2016 Wrap-Up: Hardship & Changes

By the SIL Blog Staff

We’ve told you we built a support system in part one. We’ve told how with each other’s support we tried new things in part two. Part three in our year-end wrap up is all about hardship and change. Yeah. At this point, you’re either on #TeamStruggle or #TeamSchadenfreude when it comes to 2016. Did you know that there is an American Institute of Stress?  That is where you can find the Holmes-Rahe Stress Inventory list.This list assigns point values to 43 different life stressors, add the scores up and you have an indicator of the chance of a major health event in the coming years. Just peruse the list and you can see that we are well beyond the traditional view of Death, Divorce, Job Loss, Moving, Major Illness as being the only MAJOR stressors.  Check it out, but don’t get all WebMD weird about it.

A while ago we noticed that among our SIL support group we each had at least one thing on the Holmes-Rahe list. Was that unique to our friend circle? Do we need to get exorcised or something? Did your friend group also have everyone dealing with something at any given moment? LET US KNOW ABOUT IT.

Today’s post asks what changes/hardships we faced and what helped us through it. We also take stock of how we think we did, and let you know what was the most helpful to us. These may still be works in progress, as life lends itself to being, but we hope the tools and the fact that we are still standing (some of us barely) offers you some comfort. #YouCanDoIt

silblog2016wu

 

What was your big change / hardship in 2016 and what tools did you use/are using to work through them?

Mey:

My big change in 2016 was to leave BigLaw and go in-house. It was one of the most difficult decisions that I have ever made – and I still look back at that crossroad from time to time. I am not sure why I still struggle with that decision. It has nothing to do with how much I love my current job.  I think it has to do with the fact that I wanted to make partner in BigLaw for a long time – and I put in SO much work and sacrificed so much happiness to do so – and it is hard not to see it as a “failure” – to not make it (even if I took myself out).  I will always wonder if I had it in me.  Another part of why I struggle is that I feel a little bit like a sellout (being a minority female and not making sure I made partner before I left).

O is certainly not a thing or a tool, but she helps me through it. She makes life worth living. She reminds me that there is more to life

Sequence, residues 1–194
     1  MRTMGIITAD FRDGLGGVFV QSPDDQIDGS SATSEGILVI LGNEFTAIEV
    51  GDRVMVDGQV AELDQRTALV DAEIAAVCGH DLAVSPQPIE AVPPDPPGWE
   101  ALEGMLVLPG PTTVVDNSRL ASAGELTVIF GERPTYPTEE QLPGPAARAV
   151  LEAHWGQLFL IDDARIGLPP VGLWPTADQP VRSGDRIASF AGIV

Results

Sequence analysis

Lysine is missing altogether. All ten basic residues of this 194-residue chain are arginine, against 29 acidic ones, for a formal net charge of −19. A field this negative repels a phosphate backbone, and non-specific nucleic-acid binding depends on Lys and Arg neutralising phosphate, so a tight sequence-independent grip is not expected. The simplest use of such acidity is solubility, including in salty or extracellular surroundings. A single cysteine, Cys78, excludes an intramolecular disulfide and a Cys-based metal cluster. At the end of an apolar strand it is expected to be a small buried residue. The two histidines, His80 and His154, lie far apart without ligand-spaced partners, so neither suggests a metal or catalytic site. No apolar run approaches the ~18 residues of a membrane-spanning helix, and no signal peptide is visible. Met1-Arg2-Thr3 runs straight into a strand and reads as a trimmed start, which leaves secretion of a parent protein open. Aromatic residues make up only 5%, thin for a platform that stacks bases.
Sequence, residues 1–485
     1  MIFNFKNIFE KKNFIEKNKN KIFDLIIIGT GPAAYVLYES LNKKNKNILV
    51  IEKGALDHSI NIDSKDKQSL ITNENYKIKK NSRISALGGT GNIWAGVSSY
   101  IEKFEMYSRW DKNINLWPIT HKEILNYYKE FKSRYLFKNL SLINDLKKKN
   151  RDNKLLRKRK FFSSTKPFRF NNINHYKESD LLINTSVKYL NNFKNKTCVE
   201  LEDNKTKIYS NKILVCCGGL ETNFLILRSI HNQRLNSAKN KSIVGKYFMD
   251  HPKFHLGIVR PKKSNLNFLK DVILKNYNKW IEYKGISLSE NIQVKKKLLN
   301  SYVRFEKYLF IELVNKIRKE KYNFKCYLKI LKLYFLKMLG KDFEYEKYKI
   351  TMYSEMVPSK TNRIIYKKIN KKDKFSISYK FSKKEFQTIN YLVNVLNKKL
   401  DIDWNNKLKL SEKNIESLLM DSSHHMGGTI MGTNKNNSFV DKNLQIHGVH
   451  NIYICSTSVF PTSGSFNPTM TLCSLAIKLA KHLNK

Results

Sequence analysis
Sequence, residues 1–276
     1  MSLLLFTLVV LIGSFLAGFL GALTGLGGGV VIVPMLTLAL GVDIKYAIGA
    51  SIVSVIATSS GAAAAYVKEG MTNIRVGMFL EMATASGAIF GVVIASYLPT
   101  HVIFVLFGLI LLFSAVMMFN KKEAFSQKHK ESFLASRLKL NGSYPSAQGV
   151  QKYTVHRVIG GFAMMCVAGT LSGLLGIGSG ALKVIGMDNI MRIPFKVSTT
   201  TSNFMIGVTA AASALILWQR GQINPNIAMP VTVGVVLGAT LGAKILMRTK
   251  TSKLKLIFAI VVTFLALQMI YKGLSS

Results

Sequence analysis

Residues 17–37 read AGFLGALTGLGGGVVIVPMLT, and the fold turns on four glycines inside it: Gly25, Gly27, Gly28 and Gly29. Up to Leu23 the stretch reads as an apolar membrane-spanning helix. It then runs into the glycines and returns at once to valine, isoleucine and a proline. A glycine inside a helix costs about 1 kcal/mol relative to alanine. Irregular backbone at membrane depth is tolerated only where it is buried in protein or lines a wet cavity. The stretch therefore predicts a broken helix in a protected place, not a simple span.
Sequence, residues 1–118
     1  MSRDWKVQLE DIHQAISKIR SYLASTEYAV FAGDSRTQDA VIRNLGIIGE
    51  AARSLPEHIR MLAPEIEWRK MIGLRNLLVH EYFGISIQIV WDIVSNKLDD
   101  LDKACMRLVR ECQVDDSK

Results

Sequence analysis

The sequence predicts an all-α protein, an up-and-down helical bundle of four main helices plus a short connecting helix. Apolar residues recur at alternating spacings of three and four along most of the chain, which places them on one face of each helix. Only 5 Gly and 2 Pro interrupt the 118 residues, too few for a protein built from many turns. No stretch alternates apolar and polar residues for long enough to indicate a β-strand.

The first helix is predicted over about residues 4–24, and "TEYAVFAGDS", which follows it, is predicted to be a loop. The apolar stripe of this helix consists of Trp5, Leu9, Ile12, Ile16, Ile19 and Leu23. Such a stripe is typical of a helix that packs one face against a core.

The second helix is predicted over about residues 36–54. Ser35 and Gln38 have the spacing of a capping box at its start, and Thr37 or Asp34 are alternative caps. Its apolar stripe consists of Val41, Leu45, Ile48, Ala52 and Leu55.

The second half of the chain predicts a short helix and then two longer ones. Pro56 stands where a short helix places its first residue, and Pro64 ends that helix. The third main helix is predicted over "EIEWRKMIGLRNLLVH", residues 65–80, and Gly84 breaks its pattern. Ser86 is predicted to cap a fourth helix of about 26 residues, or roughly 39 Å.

than work.  And the hubs is certainly not a tool, but he helps by reminding me / reassuring me that I made the right choice.  Just this past Saturday, O and I took our time getting out of bed, lounging and playing.  Jason reminded me that when I was in BigLaw, every moment was planned, and there was no leisure or time for spontaneity because I had to bill.

Sneha:

My biggest hardship in 2016 was facing reality and coming to terms with the fact that some things are not meant to be; no matter how hard you work. Changing a career mid-life with a mountain of debt is not where I imagined i’d be. Besides lots of praying, I’m so blessed to have an army of family and friends who show their love and support thru endless emails, texts, lunches and phone calls! They are and will continue to be my best “tools!”

Laura:

I had a happy, healthy baby girl. My pregnancy was tougher emotionally than I expected and the roller coaster of reactions during and after were almost traumatic. My toolbox is mostly made up of time & patience. My god they get thin though. It turns out I have a tremendous support ‘staff’ of family and friends that provided physical and emotional help even when they didn’t know it (hint hint SIL bloggers).

Nancy:

Cities. Constantly reminding myself that this was MY decision and what I wanted to do. There are still days I question my decision. I have so many people rooting for me I have to keep my head up.

Puja:

My father died. Suddenly and quickly. My father, who I did not have the best relationship with, died before I could fix that. I waited too long. And he died. The extent of the fallout is not yet determined, but so far immense guilt and pressure to uphold legacies showed up to the party. Tools for dealing with this? I don’t know. I have tools for coping with it, my family, my friends, humor, Korean Dramas, and keeping busy (often with complete foolishness). You all know my mantra is self-care. If I dropped dead tomorrow I want you to remember that I gave you permission to love yourself. Because that is all self-care is really, an expression of self-love. But not that type of self-love (don’t think of me during that, unless you are into that/me, then totally think of me). So whether it is getting that mani-pedi, embarking on a creative journey with new collaborators, or getting a puppy, if it makes you feel better, there is no need to justify it beyond that. An unusual tool I am trying out that I have never tried before? Indulging in Utter Foolishness. It ties back to the Year of Yes we must have mentioned for the 20th time this year, when else are you going to say ‘yes’ if not now?

Rashee: